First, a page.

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NIGHT LIFE / THE CLUB SCENE

Life of Lindsey : The former Fleetwood Mac guitarist is hitting the road to promote his latest album, 'Out of the Cradle.'

March 04, 1993|BILL LOCEY | SPECIAL TO THE TIMES

This rock guitarist is rich. He lives in Bel Air. President Bill likes him. Stevie Nicks used to like him. He doesn't need the money, but he'll still be playing at the Ventura Theatre Tuesday night.

Lindsey Buckingham used to be in Fleetwood Mac, the band he left four years ago. Now he is touring in another of those thinly veiled efforts to coerce members of the record-buying public to purchase a copy of his first solo album in eight years, "Out of the Cradle."

Fleetwood Mac re-formed recently (and briefly) to serenade the President at his recent inaugural. It wasn't a real heavy workload; if you went to the bathroom you would have missed it. The band performed one song, "Don't Stop," then they did.

The Mac used to play a lot more. Back in the '60s when every British band was a blues band, so was Fleetwood Mac. So were the Yardbirds, the Rolling Stones, Ten Years After, Savoy Brown, and lots of others.

Always a guitar band, the Mac at one time had the kind of problem other bands only dream of--three primo players, Peter Green, Jeremy Spencer and Danny Kirwin. As these guys dropped out and the band relocated to America, Bob Welch joined as the new guitar dude, followed in 1973 by Buckingham.

As great as the Mac was with albums such as "Then Play On" and "Kiln House," the band never really made any money until Buckingham joined. "Rumours," on the other hand, made zillions, making this Mac almost as lucrative as the golden arches Mac. On the eve of his tour, Buckingham spoke by phone from his ritzy pad:

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So how did "Out of the Cradle" do?

Well, you know it was so-so. The road may put some life into it. I'm fairly confident about the tour. We did a couple of warm-up shows recently at the Coach House. Instead of people shouting to hear Fleetwood Mac songs, they had listened to the solo stuff. I don't have a set list in front of me, but I'll probably do about five Fleetwood Mac songs.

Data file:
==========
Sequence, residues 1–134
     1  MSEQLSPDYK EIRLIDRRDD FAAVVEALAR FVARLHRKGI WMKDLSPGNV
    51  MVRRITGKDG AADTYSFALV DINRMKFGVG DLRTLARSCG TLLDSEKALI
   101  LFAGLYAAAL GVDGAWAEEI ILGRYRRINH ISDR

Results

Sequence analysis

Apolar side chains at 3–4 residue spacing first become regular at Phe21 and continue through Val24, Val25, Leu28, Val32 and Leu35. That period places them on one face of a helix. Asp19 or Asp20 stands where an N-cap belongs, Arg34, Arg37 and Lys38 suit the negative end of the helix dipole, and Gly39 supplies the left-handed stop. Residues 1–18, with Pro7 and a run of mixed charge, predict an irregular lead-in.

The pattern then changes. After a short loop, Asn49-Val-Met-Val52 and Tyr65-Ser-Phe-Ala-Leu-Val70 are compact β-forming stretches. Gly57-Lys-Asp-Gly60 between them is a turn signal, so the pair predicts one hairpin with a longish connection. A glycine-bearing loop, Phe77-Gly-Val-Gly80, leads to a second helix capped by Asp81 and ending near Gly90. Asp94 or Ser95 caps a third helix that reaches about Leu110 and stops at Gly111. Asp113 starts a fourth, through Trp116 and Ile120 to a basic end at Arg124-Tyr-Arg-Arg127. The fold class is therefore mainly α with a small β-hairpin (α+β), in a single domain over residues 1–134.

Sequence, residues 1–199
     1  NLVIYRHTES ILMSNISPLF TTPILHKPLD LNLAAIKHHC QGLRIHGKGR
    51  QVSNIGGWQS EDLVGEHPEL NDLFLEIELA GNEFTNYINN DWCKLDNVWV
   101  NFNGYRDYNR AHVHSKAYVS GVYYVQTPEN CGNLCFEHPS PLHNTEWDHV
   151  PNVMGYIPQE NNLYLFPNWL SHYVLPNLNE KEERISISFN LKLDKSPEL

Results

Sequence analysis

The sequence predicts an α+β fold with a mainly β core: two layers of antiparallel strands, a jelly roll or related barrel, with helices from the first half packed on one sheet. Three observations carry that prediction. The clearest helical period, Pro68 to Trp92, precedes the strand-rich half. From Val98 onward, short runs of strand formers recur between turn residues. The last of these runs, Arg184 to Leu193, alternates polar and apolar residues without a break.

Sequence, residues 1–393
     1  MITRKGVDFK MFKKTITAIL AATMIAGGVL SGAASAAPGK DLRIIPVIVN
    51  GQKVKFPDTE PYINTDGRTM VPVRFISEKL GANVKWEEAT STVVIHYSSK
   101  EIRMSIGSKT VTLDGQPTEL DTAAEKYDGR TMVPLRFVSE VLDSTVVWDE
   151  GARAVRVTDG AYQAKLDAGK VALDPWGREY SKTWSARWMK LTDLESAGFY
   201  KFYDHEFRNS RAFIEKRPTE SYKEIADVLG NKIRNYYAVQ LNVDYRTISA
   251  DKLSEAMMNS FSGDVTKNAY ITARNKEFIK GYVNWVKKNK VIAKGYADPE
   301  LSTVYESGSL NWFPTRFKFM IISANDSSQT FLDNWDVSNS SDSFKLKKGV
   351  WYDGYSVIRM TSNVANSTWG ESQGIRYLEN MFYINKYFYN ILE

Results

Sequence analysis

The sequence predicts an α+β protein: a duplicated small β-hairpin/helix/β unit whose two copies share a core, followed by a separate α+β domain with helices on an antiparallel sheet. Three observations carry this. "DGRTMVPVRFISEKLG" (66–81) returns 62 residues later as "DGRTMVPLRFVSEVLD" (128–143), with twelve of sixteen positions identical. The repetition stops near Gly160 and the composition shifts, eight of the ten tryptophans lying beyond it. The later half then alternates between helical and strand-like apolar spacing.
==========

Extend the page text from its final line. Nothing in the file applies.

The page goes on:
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Back in the old days of rock, albums came out rather quickly. Why does it take so long now?

Well, you know, way, way back, some acts put out three albums a year. Now, a lot of it has to do with the technology--it presents more freedom but also more choices, which can be a slowing process. I did a couple of solo albums when I was in Fleetwood Mac. "Big Love" and a couple of other songs ended up on the band album "Tango in the Night" but were originally supposed to go on a solo album. When I left the band, I didn't do anything for a year. When I did embark on a Phase II, I feel I did so from a position of strength.

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How did you end up in Fleetwood Mac?

Well, let's see . . . I think Mick Fleetwood was looking for a recording studio. Stevie and I had just finished an album, and Keith Olsen, our engineer, put something on tape to show his work as an engineer. It turned out to be our song "Frozen Love," which had a searing guitar solo. At that time, Stevie and I just happened to be in the back room, and when we walked in, there was this really tall guy stomping his feet to our song. Bob Welch was leaving the band, so Mick Fleetwood asked me to join. At first, he didn't want both of us, but I told him we were sort of a package deal.

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Peter Green, Danny Kirwin, Jeremy Spencer, Bob Welch, yourself--it's a long list of great guitarists in Fleetwood Mac, why?

That was just one of those things. The band was known as a guitar band in the beginning.

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All the ex-Fleetwood Mac guitarists would make quite a band.

There's too many egos with all those guys. My current band has four other guitarists.

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"Then Play On" and "Kiln House" were great albums, but Fleetwood Mac never really made any money until you joined.

That's true. I brought a certain pop sensibility to the whole thing. My contribution to the group was not so much as a guitarist, a singer and a lyricist, but as someone who could take raw material from Christine (McVie) and Stevie and forge it into something.

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Fleetwood Mac had a million albums even before you joined. How did they stay together for so long?

Stupidity? I don't know.

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Besides having a different drummer, how is your music different than Fleetwood Mac music?

Well, I have no drummer. It's a different approach. I was always left to bridge the gap between Christine's and Stevie's material. I'm able to cover a wider range of emotions now. There's certainly more of an aggressive guitar style interpreted into a pop format. I think my current stuff is a little more mature, but it's still a continuation of my Fleetwood Mac days.

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Why did you split from the band?

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